A fantastic and varied week of performances.
Simon Armitage finally took the stage for a show originally scheduled for 2020 and cancelled in the pandemic. He began, appropriately enough, with his classic poem Thank you for Waiting and for the next hour took us on a journey that was by turns hilarious, poignant and profound. Afterwards he signed books and answered questions about his work and about how a comprehensive school lad from Marsden became Poet Laureate. Everyone agreed It was a pleasure to spend an evening in his company, even sharing their top chough spotting locations because Simon hadn’t managed to see any in Port Erin!
Tuesday began with beautiful, intricate solo and duo work from Mera Royle, Isla Callister and Anna Garvin and Manx poems by Annie Kissack. The second half of the evening saw the second ever performance of Isla Callister’s ‘Creeaght’ an evocative and celebratory story of empowered women in Manx history. The piece was sensitively played to an appreciative audience by Isla and her ensemble, the narrative woven together by Jo Davies’ projected illustrations.
A4 Brass ensemble are prodigiously talented, breezing through an entertaining programme of arrangements of choral, classical, folk and modern compositions to an incredulous audience. Their reading of Carnival of Venice featured the most outrageous display of euphonium gymnastics we’ve ever witnessed. They received 2 rapturous encores, finally departing after a breathless rampage through Rossini’s William Tell.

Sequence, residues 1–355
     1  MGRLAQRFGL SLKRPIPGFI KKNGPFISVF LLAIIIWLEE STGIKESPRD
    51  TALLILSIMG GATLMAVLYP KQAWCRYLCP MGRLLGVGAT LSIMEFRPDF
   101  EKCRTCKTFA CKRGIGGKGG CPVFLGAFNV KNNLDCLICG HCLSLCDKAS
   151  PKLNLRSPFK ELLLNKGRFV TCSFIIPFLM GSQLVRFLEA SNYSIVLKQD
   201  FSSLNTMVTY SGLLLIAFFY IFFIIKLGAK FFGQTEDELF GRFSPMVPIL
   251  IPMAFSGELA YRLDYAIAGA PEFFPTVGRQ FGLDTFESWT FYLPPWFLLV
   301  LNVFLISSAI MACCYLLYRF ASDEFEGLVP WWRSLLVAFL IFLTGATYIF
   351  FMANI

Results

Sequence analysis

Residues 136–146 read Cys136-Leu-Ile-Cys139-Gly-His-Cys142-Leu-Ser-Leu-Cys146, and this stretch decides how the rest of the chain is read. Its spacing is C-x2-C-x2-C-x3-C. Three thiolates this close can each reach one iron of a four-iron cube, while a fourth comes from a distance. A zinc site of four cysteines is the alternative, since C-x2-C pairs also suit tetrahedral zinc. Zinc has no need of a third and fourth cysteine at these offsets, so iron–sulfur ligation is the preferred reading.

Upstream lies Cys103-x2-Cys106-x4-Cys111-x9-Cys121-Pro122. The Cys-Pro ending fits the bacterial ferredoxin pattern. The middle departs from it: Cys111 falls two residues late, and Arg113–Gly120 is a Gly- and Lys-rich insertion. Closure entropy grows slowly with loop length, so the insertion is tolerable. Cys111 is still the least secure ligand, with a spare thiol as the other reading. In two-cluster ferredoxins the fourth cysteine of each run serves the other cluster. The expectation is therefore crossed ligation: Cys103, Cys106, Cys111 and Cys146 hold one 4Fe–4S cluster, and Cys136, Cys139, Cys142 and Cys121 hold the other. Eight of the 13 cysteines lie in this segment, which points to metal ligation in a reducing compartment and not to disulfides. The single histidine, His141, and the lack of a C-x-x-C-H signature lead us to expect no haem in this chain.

Tim Horton gave a virtuoso display of control, passion and technique during his recital which drew heavily on the works of Chopin. The show began with Haydn and continued with a powerful rendition of Ravel’s fiendish Gaspard de la Nuit. Tim talked engagingly about his love of the piano and encored with a measured and moving performance of Chopin’s Etude no 1, opus 25.
Rant delighted an expectant audience with their intuitive, emotional playing, using their four fiddles to weave a tapestry of incredible melodies and textures. They delivered a mix of traditional and original compositions, punctuated by informative and hilarious stories. They finally departed after two encores, but we could have listened to them playing all night!
Saturday started at the Falcon’s Riddler Bar with Blue Vannin, romping through jazz and funk classics to a full house. The action continued at EAC in the evening with an opening set by local stars All The President’s Men. By the time the The Harvey O’ Higgins Project took the stage, the crowd was nicely warmed up and we were treated to a thrilling set of originals and standards, with four musicians at the top of their game trading animated solos like friends at a party. Once again, they were allowed to leave after 2 encores but could have stayed a lot longer.
Sunday’s launch of the novel Bridget’s War by Shirley Mann was a calmer affair, featuring a reading and signing by Shirley, songs from the Gobbag Groove choir and an exhibition about the internment camps in the IOM by Rushen Heritage. It was friendly, fun and informative – a perfect way to finish a hectic festival.
We had a fantastic, varied week here at EAC and and it was inspiring to hear such a different mix of artists all equally committed to communicating their joy of performing and love of their craft. We’ve had fantastic feedback from audience and artists alike and can’t wait to do it all again next year! Thanks very much to everyone who made it happen.
Check out the Manx Independent (Thursday 13th July 2023) for their write up: